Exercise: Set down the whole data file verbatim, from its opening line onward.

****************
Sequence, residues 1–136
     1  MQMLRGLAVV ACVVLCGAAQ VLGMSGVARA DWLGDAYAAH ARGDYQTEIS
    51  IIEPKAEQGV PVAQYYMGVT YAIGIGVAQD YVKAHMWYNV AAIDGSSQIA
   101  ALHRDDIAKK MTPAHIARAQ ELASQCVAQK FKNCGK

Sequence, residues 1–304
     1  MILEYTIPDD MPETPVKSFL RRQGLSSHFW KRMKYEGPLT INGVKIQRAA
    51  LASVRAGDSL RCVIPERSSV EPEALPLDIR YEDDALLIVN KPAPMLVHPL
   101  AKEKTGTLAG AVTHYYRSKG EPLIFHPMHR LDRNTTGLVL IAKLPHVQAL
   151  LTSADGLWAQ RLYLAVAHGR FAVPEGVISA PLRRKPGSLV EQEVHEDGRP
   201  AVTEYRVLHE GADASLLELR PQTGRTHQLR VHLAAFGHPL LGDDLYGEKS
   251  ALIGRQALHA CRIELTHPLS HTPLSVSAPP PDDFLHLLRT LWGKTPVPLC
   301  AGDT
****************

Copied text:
Sequence, residues 1–136
     1  MQMLRGLAVV ACVVLCGAAQ VLGMSGVARA DWLGDAYAAH ARGDYQTEIS
    51  IIEPKAEQGV PVAQYYMGVT YAIGIGVAQD YVKAHMWYNV AAIDGSSQIA
   101  ALHRDDIAKK MTPAHIARAQ ELASQCVAQK FKNCGK

Sequence, residues 1–304
     1  MILEYTIPDD MPETPVKSFL RRQGLSSHFW KRMKYEGPLT INGVKIQRAA
    51  LASVRAGDSL RCVIPERSSV EPEALPLDIR YEDDALLIVN KPAPMLVHPL
   101  AKEKTGTLAG AVTHYYRSKG EPLIFHPMHR LDRNTTGLVL IAKLPHVQAL
   151  LTSADGLWAQ RLYLAVAHGR FAVPEGVISA PLRRKPGSLV EQEVHEDGRP
   201  AVTEYRVLHE GADASLLELR PQTGRTHQLR VHLAAFGHPL LGDDLYGEKS
   251  ALIGRQALHA CRIELTHPLS HTPLSVSAPP PDDFLHLLRT LWGKTPVPLC
   301  AGDT